Sexually Transmitted Diseases
1 / 41

Sexually Transmitted Diseases - PowerPoint PPT Presentation

  • Uploaded on

Sexually Transmitted Diseases. Presented By :. Pradeep Soni. 514a. Stavropol state medical academy Department of asu. Sexually Transmitted Diseases. transmitted during coitus or genital contact 1 in 4 will contract STD between 15-55 yrs of age

I am the owner, or an agent authorized to act on behalf of the owner, of the copyrighted work described.
Download Presentation

PowerPoint Slideshow about ' Sexually Transmitted Diseases' - ross-knowles

An Image/Link below is provided (as is) to download presentation

Download Policy: Content on the Website is provided to you AS IS for your information and personal use and may not be sold / licensed / shared on other websites without getting consent from its author.While downloading, if for some reason you are not able to download a presentation, the publisher may have deleted the file from their server.

- - - - - - - - - - - - - - - - - - - - - - - - - - E N D - - - - - - - - - - - - - - - - - - - - - - - - - -
Presentation Transcript
Sexually transmitted diseases

Sexually Transmitted Diseases

Presented By :

Pradeep Soni


Stavropol state medical academy

Department of asu

Sexually transmitted diseases
Sexually Transmitted Diseases

  • transmitted during coitus or genital contact

  • 1 in 4 will contract STD between 15-55 yrs of age

  • require moist environments (“transitional zones”)

Sexually transmitted diseases

  • common areas of infection:

    • vulva, vagina urethra in females

    • penis, urethra in males

    • mouth, oral cavity, eyes, anus in both sexes

  • if untreated, can pass from transitional zone to other tissues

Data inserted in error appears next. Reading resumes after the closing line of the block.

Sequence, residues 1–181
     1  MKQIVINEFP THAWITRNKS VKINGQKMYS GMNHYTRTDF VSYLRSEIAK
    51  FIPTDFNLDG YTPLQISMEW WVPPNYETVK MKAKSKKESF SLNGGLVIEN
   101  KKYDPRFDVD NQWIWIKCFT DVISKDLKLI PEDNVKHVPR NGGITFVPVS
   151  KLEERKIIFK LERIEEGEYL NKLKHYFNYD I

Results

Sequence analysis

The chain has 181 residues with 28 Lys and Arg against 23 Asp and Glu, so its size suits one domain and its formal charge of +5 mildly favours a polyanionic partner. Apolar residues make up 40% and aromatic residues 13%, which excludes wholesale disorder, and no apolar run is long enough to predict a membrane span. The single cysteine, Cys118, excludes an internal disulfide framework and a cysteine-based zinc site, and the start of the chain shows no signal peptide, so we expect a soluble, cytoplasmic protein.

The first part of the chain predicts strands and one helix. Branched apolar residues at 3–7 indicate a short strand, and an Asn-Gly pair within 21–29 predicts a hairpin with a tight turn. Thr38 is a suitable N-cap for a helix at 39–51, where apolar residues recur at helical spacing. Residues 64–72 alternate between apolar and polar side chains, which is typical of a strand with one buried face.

• person usually has >1 STD as a time



    • single-celled, microscopic organisms

    • cause disease by producing toxins

    • can be prevented by vaccines; killed by antibiotics

  • Examples of bacterial STDs: chlamydia, gonorrhea, syphilis



    • tiny, noncellular particle

    • has DNA or RNA core and a protein coat

    • parasitic (reproduces in host cell)

    • some can be prevented by vaccine

  • Examples of viral STDs:

    • Herpes genitalis, HPV, HIV


Chlamydia most prevalent bacterial std
Chlamydia (most prevalent bacterial STD)

  • caused by bacterium-like microorganism that lives inside cells

  • symptoms:

    • urinary tract infection in both males and females

    • yellowish vaginal discharge

    • Infected tissues become red, irritated

    • some may be asymptomatic (30% of males, 50-70% of females)

Sexually transmitted diseases

Chlamydia Life Cycle

Chlamydia Cervicitis


  • if left untreated, PID can result in females

  • untreated males can develop infertility (due to scarring of sex accessory tubes)

  • can be passed from pregnant woman to child during delivery > lung and eye infections in newborn

  • detected by tissue culture

  • treated with antibiotics (note: penicillin is ineffective)

  • association exists between chlamydia and cervical cancer


  • Bacterial STD

  • Symptoms similar to those of chlamydia


  • STD caused by bacterium

  • 1st epidemic: 15th century, W. Europe

  • bacterium thrives in moist regions

  • 9/10 cases due to transmission during coitus

Stages of syphilis primary stage
Stages of Syphilis:Primary stage

  • involves single sore (chancre) where bacteria 1st entered the body

  • appears 10-90 days after entry